Please, please, please work this out now. It horribly painful to be dealing with it many years and several kids later.

    • I know it’s late in the game, and I haven’t read all of the comments, and I don’t mean this to be mean, but your situation reminds me of the daughter in the Joy Luck Club – the one who splits everything with her husband 50-50. Her mother comes to visit and upon seeing how her daughter is living (in a beautifully modern and expensive home) asks her, (more or less) “Why did you sell yourself for so little?” From the outside looking into your relationship, it doesn’t sound like your BF respects you. After 12 years of a solid marriage, may I suggest that you never settle for less love than what you need and deserve. Good luck.

  2. That is a very nice blazer by the way, I wish orange (or any bright colour) suited me.

  3. Oh the tangerine orange blazer! Love. I’ve been seeing so many dresses in the streets and parties in this color, not too many blazers, looks hot and makes the outfit very summery.

  4. phillygirlruns :

    love this blazer. excellent pick.

  5. Computer @ summer assoc. job? :

    Threadjack and stupid question of the day: Do summer associates bring their personal laptops to work? If not, is the firm-provided computer usually a laptop or desktop? If it makes any difference, this is Biglaw. Thanks!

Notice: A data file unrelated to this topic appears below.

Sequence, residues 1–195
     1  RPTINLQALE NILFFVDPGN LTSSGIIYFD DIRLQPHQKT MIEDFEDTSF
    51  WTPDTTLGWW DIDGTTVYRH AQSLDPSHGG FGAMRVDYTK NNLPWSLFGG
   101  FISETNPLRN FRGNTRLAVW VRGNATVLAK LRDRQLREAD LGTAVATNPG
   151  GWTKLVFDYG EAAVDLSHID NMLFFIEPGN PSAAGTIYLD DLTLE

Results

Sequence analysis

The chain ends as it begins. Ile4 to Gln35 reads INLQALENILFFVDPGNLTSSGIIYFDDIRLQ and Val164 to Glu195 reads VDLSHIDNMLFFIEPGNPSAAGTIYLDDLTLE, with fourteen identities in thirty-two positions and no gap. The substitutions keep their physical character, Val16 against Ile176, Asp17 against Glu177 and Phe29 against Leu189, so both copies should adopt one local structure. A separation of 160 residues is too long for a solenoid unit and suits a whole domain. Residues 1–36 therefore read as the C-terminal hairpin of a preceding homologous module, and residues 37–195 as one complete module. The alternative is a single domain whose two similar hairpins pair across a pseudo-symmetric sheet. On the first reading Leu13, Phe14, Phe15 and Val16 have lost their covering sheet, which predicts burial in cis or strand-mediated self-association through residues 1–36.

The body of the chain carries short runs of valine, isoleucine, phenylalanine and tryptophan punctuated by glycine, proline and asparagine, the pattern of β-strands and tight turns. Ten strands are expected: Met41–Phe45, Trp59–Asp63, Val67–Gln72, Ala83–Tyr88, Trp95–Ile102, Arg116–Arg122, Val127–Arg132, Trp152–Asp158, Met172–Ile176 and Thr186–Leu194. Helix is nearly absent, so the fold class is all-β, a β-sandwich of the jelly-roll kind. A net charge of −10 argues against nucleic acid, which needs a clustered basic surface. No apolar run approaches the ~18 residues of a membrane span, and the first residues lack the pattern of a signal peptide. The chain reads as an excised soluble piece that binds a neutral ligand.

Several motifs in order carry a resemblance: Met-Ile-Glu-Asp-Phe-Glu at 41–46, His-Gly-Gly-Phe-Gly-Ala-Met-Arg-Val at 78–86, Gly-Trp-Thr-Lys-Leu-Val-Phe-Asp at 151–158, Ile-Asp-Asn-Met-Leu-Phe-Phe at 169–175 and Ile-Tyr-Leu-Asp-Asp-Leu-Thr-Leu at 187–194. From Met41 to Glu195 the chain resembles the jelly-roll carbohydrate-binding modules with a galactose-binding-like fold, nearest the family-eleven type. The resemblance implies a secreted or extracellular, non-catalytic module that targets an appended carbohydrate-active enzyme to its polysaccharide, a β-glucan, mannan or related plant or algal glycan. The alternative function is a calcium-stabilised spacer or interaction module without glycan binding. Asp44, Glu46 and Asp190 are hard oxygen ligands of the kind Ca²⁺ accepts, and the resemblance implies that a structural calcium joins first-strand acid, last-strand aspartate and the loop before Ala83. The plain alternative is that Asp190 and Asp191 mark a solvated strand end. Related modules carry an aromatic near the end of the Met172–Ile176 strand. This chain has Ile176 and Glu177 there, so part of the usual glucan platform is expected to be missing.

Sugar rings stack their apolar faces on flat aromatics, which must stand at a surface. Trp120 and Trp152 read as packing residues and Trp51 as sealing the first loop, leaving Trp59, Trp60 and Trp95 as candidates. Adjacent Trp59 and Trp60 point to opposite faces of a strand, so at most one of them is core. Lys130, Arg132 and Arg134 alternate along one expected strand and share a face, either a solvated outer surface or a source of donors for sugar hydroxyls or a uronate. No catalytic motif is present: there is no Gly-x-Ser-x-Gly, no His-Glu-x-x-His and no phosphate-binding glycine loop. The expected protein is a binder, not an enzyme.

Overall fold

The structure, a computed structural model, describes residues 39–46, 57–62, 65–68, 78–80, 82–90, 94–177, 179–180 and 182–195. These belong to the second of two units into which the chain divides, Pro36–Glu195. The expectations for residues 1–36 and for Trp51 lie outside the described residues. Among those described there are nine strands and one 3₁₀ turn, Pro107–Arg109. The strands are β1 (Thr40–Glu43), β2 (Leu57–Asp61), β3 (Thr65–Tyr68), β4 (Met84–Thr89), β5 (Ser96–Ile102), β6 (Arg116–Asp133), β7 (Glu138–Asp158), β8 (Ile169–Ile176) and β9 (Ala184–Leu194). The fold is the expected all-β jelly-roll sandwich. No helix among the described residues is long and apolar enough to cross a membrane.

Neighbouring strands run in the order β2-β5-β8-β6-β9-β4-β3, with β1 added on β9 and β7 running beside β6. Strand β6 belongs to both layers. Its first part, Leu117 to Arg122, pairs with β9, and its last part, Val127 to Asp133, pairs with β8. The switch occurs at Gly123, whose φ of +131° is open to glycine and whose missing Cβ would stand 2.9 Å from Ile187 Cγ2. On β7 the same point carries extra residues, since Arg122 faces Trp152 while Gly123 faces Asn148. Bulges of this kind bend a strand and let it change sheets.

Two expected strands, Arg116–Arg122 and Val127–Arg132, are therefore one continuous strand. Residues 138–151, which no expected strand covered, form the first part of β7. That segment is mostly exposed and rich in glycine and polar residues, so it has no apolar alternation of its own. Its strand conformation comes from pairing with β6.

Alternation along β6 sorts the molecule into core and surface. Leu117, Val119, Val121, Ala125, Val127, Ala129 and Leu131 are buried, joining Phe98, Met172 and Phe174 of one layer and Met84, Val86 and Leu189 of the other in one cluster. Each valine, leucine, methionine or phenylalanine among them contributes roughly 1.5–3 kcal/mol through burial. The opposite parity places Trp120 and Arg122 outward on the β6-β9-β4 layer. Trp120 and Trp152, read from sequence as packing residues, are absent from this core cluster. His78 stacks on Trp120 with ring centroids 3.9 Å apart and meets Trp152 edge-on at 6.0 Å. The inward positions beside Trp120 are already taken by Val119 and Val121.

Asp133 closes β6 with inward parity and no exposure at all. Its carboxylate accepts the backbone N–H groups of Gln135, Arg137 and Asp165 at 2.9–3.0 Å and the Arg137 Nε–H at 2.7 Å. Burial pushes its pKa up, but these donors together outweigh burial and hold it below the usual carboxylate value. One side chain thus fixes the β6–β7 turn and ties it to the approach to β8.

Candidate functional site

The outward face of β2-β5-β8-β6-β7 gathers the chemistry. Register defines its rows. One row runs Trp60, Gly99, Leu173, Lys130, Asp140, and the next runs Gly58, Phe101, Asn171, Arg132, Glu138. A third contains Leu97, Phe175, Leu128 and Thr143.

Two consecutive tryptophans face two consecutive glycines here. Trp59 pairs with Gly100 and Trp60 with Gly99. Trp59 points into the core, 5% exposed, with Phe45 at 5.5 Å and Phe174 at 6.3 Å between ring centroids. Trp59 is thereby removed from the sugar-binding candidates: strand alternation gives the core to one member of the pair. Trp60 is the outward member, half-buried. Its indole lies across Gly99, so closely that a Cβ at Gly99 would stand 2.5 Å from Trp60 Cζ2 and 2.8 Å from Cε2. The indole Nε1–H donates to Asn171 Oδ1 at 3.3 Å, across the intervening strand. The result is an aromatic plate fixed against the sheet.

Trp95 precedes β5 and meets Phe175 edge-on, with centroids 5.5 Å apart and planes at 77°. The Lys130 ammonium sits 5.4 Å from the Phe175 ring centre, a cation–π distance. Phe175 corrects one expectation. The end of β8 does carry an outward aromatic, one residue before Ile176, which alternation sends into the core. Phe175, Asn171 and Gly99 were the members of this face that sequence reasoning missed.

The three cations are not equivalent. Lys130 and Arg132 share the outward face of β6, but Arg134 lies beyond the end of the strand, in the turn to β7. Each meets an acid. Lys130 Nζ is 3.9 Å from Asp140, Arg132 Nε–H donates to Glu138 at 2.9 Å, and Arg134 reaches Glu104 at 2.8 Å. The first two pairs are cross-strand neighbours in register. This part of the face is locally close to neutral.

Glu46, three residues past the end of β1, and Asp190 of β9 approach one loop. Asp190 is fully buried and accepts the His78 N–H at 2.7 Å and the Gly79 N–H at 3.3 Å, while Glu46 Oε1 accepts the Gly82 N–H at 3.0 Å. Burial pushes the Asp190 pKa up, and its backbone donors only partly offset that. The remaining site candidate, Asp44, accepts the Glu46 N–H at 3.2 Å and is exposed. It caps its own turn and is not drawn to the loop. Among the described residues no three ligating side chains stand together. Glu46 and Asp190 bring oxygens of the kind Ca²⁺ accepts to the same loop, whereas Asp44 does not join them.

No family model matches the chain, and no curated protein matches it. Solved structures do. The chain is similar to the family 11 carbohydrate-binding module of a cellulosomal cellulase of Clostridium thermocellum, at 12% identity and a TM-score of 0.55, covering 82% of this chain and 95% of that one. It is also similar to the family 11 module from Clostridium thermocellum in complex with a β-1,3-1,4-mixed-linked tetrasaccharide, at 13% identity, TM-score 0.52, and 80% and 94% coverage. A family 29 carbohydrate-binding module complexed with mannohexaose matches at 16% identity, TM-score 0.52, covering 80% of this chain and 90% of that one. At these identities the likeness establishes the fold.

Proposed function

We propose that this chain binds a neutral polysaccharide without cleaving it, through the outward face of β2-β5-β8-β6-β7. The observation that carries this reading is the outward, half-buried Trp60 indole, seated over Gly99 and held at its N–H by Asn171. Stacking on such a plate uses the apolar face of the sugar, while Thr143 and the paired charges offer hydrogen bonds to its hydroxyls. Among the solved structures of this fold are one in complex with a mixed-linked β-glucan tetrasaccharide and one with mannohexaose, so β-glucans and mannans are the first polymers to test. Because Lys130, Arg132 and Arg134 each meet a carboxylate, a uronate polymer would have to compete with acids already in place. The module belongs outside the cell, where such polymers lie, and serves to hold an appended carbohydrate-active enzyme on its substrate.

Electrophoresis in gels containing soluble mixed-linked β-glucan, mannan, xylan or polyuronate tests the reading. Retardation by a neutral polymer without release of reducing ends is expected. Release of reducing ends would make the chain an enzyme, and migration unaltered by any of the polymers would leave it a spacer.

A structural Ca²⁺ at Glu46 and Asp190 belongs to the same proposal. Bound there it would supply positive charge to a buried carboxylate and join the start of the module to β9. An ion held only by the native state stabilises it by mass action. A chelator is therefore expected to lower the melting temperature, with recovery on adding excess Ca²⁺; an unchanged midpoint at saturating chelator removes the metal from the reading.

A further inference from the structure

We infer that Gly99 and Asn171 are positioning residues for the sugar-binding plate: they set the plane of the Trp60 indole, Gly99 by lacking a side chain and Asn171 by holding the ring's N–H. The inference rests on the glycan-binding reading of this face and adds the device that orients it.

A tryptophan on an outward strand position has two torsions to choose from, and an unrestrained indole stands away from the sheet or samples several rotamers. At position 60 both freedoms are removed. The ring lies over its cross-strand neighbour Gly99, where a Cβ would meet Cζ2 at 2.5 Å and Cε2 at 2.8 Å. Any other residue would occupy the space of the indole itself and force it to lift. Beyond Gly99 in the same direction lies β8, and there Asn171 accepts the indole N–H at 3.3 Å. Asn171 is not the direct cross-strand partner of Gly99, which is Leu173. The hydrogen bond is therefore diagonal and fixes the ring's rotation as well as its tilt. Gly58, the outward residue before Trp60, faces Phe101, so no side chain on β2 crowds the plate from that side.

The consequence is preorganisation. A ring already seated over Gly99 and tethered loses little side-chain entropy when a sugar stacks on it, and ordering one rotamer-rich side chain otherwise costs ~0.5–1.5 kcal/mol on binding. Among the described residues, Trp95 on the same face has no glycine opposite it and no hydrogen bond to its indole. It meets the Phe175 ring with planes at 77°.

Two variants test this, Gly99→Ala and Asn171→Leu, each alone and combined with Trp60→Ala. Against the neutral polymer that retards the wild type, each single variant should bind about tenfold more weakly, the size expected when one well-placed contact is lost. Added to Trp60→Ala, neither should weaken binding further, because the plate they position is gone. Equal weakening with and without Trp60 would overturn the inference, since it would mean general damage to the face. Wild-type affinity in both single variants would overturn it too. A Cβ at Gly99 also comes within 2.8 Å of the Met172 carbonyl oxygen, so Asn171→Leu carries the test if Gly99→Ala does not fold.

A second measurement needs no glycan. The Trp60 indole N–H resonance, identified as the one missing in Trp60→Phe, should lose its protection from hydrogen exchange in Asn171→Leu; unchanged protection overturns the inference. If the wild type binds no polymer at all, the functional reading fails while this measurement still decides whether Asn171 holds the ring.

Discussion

• Firms provide summers with laptops. I have seen one summer supplement by also bringing in his personal laptop for listening to music – would not recommend you do that (definitely not typical for my office anyway).

    • DC Anon (the lawyer one) :

      At my firm you wouldn’t get a laptop unless (and this would be very unlikely to happen to a summer) you were traveling for the firm. At all the firms I’ve ever worked at the computers are standard Dell desktops. I can’t think of a reason why you’d bring your personal laptop to work, as the documents you’ll be working on will be on a document management system that your personal laptop won’t be connected to. If you need your laptop for some reason, ask your firms HR person or recruiter before your first day.

    • Oh.so.tired :

      No, you won’t have to bring your personal laptop to work. You’ll be provided an office with a desktop, and many firms also provide you with a laptop and/or blackberry to work from home.